Posts Tagged ‘Wildlife’

Quite often after a snowfall in January or February it will get quite cold for a while here in New Hampshire when the storm moves out over the Atlantic and pulls the polar express in behind it. The coldest I’ve ever seen it is 35 below zero (F) and it has only gone that low twice in the 50+ years that I’ve been around to witness it. But, it’s not supposed to get anywhere near that this week. We are supposed to have relatively balmy temps, with highs in the 30s during the day and above zero at night. There is no talk of a January thaw just yet.

1. Snowy River

The river is just starting to ice up. Areas where the current runs slow along its banks get icy first and then the ice slowly grows in towards the middle. When I was a young boy I was walking on the ice of this river one day and all of the sudden it started cracking. It was so loud, echoing off the frozen river banks, that it sounded like gun shots as I ran and dove onto the bank. That adventure cured my curiosity about frozen rivers and I have never walked on one since.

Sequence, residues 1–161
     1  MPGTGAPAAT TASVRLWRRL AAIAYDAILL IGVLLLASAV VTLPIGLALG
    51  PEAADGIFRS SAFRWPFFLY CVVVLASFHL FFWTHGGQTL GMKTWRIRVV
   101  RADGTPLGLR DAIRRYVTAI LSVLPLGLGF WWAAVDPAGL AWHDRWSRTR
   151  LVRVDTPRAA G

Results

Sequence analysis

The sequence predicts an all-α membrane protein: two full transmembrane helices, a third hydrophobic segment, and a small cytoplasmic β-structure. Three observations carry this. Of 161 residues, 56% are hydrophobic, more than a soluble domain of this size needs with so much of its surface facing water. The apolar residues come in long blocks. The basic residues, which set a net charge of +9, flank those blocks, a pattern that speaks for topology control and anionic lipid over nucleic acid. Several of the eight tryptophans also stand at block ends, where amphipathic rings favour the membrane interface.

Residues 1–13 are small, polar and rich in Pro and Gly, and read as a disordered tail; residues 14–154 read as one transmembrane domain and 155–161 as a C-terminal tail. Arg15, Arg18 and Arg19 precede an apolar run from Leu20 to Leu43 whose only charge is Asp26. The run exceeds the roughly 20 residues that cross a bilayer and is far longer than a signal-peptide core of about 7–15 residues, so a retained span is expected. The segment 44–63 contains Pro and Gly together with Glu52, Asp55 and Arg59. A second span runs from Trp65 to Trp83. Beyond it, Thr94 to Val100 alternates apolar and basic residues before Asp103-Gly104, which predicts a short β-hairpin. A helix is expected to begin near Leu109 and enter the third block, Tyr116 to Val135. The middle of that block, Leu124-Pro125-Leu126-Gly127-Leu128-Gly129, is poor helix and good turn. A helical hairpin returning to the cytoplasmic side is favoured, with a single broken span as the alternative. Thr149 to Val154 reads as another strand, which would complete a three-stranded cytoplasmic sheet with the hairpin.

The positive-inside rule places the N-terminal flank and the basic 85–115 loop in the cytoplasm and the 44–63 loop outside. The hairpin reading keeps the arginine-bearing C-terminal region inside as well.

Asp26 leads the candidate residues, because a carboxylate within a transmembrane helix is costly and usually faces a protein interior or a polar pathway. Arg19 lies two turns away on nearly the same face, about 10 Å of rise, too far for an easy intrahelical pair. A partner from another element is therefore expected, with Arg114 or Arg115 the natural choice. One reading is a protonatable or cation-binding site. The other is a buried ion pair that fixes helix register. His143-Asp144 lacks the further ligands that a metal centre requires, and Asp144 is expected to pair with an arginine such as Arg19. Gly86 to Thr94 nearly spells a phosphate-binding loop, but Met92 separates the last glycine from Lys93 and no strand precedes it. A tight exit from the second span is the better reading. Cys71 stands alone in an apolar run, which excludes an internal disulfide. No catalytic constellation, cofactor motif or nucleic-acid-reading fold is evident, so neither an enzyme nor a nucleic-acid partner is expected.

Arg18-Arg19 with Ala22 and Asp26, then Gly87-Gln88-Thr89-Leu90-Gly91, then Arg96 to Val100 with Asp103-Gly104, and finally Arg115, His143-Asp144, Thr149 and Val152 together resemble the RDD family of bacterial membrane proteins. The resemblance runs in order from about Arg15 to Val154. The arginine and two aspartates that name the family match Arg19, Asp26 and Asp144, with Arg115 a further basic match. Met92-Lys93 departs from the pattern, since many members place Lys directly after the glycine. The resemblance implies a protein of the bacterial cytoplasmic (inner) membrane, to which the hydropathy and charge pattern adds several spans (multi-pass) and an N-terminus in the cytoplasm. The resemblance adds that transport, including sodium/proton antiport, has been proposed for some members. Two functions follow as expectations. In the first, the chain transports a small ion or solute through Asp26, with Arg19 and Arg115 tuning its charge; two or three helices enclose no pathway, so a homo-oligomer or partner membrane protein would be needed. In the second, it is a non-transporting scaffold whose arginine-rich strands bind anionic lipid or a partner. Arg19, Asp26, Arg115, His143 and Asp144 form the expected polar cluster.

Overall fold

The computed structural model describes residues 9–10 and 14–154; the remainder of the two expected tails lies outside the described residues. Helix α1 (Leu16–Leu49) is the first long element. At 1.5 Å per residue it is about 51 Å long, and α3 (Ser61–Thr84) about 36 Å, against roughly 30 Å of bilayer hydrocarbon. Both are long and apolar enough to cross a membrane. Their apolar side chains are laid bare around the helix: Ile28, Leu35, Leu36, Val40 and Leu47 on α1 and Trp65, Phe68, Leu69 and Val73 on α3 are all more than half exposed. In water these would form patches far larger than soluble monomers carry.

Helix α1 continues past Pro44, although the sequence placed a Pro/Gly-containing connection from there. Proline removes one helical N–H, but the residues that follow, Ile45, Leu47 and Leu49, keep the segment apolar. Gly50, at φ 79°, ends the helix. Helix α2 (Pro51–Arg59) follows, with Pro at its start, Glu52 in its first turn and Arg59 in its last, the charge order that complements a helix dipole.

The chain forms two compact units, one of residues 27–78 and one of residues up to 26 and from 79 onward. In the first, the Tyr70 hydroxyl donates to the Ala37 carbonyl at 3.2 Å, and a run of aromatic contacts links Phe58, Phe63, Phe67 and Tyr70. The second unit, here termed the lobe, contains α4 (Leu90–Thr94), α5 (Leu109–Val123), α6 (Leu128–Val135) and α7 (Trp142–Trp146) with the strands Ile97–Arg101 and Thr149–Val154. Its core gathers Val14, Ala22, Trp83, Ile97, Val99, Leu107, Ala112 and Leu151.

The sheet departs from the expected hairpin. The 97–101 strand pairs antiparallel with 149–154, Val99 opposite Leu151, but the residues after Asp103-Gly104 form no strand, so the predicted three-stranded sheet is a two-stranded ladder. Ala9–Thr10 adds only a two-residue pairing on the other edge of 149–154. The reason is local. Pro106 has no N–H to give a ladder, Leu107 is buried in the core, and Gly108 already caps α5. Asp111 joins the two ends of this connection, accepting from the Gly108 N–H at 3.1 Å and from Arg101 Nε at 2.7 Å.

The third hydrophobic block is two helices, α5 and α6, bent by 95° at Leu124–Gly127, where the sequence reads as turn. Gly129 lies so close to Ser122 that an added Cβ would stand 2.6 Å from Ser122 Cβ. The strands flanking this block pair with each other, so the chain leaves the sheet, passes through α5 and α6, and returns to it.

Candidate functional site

2. Ice Covered Shrub

Ice forms on everything near the river’s edge.  It weighs down young shrubs and sometimes breaks their stems.

3. Icy Twigs

And sometimes they just wear ice collars.

4. Ice Covered Stones

Even the stones are coated in ice.

5. Window Frost

One night when the temperature dropped to below zero Jack Frost paid a visit and drew patterns on my windows. The frost edges looked like feathers, or ferns. Oddly enough these coldest temperatures happened on the night before the earth passed closest to the sun, January 2nd.

6. Window Frost

The different shapes that frost can grow into seem endless.

7. Pinecone in the Snow

Did you ever wonder which end of a pine cone hit the ground first after it fell? Well, now you know.

8. Shepherds Purse Seed Head

This Shepherd’s purse (Capsella bursa-pastoris) seed head was the only thing poking up out of a large expanse of white. 

9. Snowy Fungi

These bracket fungi must have been frozen solid. 

10. Vernal Pool